Sex scandal Profumo is dead

JOHN Profumo, who was at the centre of the most notorious political sex scandal of the 20th century which shook Harold Macmillan's government to its foundations, has died after suffering a stroke.

JOHN Profumo, who was at the centre of the most notorious political sex scandal of the 20th century which shook Harold Macmillan's government to its foundations, has died after suffering a stroke. He was 91.

The former Conservative Secretary of State for War was forced to resign from the Cabinet for lying to the House of Commons over his affair with call girl Christine Keeler. Following his humiliation, Profumo dedicated himself to charity work in the East End of London and was awarded the CBE in 1975.

Macmillan's Cabinet was sent into crisis by Keeler's revelations that she had sex with both Profumo and Commander Eugene Ivanov, a Russian intelligence officer and the Soviet assistant naval attache in London. His brief affair with Keeler began after he was introduced to her by osteopath Stephen Ward at Lord Astor's Cliveden country estate in Berkshire in July 1961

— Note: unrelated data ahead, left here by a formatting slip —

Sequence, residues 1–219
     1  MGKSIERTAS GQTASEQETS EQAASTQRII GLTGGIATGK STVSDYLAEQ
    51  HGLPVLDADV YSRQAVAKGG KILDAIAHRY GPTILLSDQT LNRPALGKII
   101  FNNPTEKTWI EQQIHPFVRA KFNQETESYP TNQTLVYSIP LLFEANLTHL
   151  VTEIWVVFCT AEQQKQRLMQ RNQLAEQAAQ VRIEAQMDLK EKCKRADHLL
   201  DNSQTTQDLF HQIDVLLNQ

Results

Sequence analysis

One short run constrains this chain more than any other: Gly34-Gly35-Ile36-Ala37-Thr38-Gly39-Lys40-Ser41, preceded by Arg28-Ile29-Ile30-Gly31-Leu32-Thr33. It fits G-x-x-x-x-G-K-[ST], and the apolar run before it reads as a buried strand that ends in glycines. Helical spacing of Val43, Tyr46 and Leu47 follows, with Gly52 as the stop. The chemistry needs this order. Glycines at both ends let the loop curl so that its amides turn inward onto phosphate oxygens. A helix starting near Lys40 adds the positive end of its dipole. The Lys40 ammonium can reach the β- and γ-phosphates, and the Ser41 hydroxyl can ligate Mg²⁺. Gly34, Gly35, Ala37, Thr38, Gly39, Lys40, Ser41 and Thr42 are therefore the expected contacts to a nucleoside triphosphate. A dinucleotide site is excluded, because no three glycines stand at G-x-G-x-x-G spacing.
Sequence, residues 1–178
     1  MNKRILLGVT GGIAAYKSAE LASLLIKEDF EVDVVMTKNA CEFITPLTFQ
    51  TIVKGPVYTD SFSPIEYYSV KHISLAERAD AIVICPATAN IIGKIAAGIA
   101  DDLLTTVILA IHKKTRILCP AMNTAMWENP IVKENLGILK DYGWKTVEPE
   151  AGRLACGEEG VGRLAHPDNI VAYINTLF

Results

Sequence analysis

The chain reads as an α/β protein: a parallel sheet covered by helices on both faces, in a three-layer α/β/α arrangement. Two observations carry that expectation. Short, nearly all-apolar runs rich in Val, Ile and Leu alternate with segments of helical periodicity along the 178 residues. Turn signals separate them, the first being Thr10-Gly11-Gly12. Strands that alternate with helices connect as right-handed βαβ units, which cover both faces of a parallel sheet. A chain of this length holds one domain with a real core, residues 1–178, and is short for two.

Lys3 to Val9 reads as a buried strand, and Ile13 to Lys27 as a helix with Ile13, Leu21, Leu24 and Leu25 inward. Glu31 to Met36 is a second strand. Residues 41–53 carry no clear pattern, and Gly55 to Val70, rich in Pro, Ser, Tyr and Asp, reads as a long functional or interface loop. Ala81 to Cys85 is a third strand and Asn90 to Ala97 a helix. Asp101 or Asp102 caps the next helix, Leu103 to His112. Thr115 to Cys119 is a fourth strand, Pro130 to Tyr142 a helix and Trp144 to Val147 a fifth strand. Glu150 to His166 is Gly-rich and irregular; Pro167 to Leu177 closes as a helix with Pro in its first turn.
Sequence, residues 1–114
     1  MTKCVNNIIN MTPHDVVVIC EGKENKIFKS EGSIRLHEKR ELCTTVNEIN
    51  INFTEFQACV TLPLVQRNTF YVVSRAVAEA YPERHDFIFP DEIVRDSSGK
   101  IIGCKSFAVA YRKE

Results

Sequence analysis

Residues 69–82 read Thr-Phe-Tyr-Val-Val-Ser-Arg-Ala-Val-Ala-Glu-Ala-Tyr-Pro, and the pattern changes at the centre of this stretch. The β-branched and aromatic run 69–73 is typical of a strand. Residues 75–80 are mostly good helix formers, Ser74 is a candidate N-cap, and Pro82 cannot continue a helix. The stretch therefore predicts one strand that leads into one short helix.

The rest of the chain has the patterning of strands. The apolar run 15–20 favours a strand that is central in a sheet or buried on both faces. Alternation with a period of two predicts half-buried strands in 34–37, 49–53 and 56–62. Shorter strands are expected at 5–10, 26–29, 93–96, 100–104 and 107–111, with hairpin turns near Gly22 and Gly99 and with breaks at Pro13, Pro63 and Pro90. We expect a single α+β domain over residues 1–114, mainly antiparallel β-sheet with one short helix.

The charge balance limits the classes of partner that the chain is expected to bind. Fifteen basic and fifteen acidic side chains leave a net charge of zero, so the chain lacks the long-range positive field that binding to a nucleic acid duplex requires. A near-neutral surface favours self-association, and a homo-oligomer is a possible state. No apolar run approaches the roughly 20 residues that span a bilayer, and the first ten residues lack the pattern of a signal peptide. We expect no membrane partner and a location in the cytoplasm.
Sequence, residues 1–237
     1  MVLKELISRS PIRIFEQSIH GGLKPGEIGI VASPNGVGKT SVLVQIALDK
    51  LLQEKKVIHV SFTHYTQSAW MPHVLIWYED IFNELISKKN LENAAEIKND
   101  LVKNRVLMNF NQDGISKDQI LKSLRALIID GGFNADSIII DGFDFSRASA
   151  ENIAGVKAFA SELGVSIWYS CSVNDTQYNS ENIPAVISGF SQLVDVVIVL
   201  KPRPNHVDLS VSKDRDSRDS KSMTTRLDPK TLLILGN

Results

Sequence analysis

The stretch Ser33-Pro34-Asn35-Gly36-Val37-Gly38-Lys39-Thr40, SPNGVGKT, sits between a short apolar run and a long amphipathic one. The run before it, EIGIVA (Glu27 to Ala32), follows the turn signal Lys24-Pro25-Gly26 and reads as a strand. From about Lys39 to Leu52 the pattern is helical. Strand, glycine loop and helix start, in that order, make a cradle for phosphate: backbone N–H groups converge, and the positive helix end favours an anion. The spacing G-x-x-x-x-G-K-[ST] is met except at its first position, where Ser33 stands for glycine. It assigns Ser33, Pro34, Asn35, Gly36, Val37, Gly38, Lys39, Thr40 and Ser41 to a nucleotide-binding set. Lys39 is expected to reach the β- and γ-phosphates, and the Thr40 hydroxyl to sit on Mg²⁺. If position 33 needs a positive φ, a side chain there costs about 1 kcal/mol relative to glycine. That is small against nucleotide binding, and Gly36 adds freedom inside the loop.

In March 1963 Profumo made a statement to MPs denying any "impropriety whatever" in his relationship with Keeler. He was forced to resign on June 4 1963 after admitting that he had misled the House of Commons.


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Ward was prosecuted for living on immoral earnings and committed suicide. Keeler was found guilty on unrelated perjury charges and sentenced to nine months in prison.

Profumo was educated at Harrow and Oxford and married the actress Valerie Hobson. He entered the Commons in 1940 aged 25, becoming the youngest MP in the House.

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